Planning and Compulsory Purchase Act (The Act): This is the primary legislation for the new development plan process created in 2004.

Planning Policy Guidance (PPG): A series of Central Government guidance notes which set out national policy on various planning issues such as housing, transport, employment and shopping. These are in the process of being replaced by Planning Policy Statements.

Planning Policy Statements (PPS): Set out the Government’s national policies on different aspects of planning.

Preferred Options: A stage in the preparation of a Development Plan Document, where the Council sets out the preferred choice for development, based on policy guidance, previous consultation and evidence.

Presumption: The ‘sixth form presumption’ was one of the measures introduced in the DfES’s Five Year Strategy to increase national capacity post-16. Under this arrangement, there is a presumption of success for proposals to open sixth forms from schools that meet the high performing specialist school criteria.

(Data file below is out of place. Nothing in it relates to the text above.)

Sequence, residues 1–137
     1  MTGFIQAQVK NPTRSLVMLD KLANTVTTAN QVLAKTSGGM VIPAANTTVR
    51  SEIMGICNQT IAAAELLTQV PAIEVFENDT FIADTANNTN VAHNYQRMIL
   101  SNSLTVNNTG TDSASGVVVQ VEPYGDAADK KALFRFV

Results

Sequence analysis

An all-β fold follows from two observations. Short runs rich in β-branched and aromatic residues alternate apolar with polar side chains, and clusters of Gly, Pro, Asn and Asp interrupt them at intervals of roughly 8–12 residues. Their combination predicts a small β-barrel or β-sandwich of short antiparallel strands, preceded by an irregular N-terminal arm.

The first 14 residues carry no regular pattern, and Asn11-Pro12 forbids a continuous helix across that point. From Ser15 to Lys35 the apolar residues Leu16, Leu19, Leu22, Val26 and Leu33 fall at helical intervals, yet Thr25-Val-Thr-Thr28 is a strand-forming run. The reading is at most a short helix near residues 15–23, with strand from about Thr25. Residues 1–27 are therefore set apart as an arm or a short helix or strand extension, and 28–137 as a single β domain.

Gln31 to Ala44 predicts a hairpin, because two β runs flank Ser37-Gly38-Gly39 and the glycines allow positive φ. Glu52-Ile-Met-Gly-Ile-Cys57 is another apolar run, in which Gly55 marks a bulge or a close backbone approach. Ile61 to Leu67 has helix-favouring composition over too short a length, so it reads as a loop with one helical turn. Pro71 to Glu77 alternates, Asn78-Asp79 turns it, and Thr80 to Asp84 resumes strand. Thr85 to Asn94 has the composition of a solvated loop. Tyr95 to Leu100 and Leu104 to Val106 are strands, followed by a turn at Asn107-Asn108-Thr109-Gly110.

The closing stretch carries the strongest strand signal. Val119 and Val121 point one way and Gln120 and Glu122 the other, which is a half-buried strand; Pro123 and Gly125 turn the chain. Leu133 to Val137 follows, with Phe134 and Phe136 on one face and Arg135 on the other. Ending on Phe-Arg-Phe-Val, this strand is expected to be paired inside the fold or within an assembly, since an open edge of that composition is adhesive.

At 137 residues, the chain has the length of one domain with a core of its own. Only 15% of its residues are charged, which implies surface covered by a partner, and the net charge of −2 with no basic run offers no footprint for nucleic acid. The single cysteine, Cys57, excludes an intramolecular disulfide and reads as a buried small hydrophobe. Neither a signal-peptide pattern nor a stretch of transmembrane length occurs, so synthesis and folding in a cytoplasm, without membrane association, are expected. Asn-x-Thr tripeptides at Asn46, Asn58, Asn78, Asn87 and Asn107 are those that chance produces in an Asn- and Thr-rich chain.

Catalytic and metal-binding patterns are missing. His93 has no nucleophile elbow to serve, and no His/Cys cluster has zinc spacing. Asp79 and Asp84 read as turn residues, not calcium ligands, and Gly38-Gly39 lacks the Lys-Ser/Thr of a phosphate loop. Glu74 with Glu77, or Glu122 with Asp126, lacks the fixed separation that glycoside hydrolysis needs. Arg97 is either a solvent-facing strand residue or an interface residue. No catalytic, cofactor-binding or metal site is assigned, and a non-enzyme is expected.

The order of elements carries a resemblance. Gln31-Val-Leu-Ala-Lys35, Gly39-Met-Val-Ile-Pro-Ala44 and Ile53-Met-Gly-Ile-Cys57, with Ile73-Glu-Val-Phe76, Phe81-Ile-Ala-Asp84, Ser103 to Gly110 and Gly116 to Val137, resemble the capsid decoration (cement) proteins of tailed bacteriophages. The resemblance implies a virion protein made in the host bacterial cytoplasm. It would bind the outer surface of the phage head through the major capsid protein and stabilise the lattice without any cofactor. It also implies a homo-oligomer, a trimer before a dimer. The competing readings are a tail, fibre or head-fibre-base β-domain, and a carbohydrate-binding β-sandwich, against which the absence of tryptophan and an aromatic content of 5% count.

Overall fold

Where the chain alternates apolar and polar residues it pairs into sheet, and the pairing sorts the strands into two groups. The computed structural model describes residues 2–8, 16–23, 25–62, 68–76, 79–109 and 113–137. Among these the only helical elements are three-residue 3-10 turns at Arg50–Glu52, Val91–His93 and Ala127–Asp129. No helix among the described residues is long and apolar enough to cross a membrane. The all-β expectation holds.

Proposals Map: A map which illustrates the spatial extent of policies and proposals within Development Plan Documents.

Ramsar Site: A site designated under the Ramsar Convention (1975) in order to protect wetlands that are internationally important. Ramsar Sites are named after the town in Iran where the initial meetings of the convention were held.

Regeneration: The economic, social and environmental improvement of urban and rural areas.

Regional Spatial Strategy (RSS) or East of England Plan: Sets out the region’s policies in relation to how much development there will be in the region, where it will be and how it will happen. Prepared by the Regional Assembly it forms part of the development plan. For Thurrock, this is the East of England Plan.

Saved Policies or Plans: Existing adopted development plans (such as the Thurrock Borough Local Plan) are saved for 3 years from date of commencement of the Act.

Secretary of State: In this case, the Secretary of State with responsibility for planning within the Department for Communities and Local Government (DCLG).